Should Letter Names Be Taught: Everything You Need to Know
According to experts, teaching letter names will cause more confusion than clarity. Many people believe that focusing on sounds rather than letter names is preferable.
For a long time, letter name lessons have been incorporated into beginner reading instructions. For example, the earliest schoolbooks sent to America from Britain began with the alphabet.
Several conversations have occurred over time, but there has been little evidence to proceed.
- So Far, So Good
There have been various debates on whether or not letter names should be taught. Because the first known research focused on the repercussions of teaching fictional alphabets, the conclusion reached was that children could read words made using fictitious letters even if they did not know the letter names.
Since then, other researchers have attempted to replicate the results using genuine letters. In this aspect, the findings have been varied. Marilyn Adams concluded in 1990 that teaching the alphabet provided no benefit.
- Informing About Research Findings
A recent study has attempted to grasp the true utility of the alphabet in the context of phonemic sensitivity training rather than on its own.
In this aspect, the conclusion is that instruction in the alphabet and PA has a greater impact on later reading success than only teaching PA. Suffice it to say that adding letters to a PA curriculum has a multiplier impact on the end outcome.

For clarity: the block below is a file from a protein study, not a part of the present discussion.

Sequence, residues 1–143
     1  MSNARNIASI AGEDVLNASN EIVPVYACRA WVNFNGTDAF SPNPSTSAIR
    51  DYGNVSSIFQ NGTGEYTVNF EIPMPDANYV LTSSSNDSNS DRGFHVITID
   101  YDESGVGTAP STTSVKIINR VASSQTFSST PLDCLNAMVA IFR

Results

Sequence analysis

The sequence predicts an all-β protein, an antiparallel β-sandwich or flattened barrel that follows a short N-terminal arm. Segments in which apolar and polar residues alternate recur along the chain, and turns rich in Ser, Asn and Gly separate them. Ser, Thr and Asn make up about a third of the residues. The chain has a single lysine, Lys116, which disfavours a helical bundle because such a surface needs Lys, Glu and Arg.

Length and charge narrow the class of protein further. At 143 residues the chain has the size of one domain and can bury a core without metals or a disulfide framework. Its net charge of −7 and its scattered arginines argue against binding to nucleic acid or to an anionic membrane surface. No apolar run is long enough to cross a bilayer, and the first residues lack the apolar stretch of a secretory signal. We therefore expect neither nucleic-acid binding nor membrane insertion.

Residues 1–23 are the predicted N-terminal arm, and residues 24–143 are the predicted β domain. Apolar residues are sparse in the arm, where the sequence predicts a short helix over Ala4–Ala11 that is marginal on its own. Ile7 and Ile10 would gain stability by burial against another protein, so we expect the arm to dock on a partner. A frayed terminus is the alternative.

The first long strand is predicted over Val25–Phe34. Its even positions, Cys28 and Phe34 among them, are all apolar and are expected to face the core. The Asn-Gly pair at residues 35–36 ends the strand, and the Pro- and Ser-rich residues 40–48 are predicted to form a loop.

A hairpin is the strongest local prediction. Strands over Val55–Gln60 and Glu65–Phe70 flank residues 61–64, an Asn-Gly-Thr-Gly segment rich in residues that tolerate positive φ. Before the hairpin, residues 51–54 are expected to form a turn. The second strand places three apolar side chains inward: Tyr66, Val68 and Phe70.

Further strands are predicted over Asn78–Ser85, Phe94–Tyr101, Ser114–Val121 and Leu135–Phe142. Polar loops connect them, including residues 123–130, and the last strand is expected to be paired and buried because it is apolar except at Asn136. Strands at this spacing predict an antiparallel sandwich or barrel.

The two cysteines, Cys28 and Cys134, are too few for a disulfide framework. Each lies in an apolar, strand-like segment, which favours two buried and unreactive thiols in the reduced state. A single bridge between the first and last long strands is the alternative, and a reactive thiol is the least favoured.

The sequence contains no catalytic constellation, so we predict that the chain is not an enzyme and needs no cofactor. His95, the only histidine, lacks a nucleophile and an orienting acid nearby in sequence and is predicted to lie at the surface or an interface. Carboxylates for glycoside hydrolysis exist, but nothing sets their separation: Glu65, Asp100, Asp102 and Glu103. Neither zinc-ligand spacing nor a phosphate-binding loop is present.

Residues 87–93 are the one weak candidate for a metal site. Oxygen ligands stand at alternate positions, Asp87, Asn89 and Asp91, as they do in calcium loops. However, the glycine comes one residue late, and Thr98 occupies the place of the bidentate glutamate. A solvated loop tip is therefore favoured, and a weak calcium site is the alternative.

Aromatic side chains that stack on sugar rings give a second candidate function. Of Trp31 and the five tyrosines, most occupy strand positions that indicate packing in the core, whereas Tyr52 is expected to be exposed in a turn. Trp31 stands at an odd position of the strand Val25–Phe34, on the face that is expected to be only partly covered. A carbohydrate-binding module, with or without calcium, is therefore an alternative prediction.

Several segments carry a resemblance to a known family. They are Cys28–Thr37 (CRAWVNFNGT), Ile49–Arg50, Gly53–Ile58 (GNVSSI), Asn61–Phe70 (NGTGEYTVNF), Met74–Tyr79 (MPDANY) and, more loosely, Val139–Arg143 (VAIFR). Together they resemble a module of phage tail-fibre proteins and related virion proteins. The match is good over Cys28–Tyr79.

Jean Moulin provided one of the most comprehensive considerations on this subject (2005). In his research, he looked at studies that looked at the alphabets’ facilitative effects on learning to read. This was done to see if such directions were reasonable and why letter names would be useful.
- The Next Steps
Jean Moulin stated that additional study is needed since it is unknown why knowing the alphabet has such a favorable effect.
He also stated that beginning reading training should include a concentrated attempt to teach letter recognition, letter names, and the sounds associated with the letters.
It should be noted that concepts are abstract by definition and giving them names appears to help children visualize them as actual beings.
Finally, consider the following:
The debate over whether letter names should be taught is nuanced. Developing letter ideas entails teaching children how to organize groupings of auditory and visual elements into sets.
Such exercises have been shown to help children link words with letters, so enhancing memory.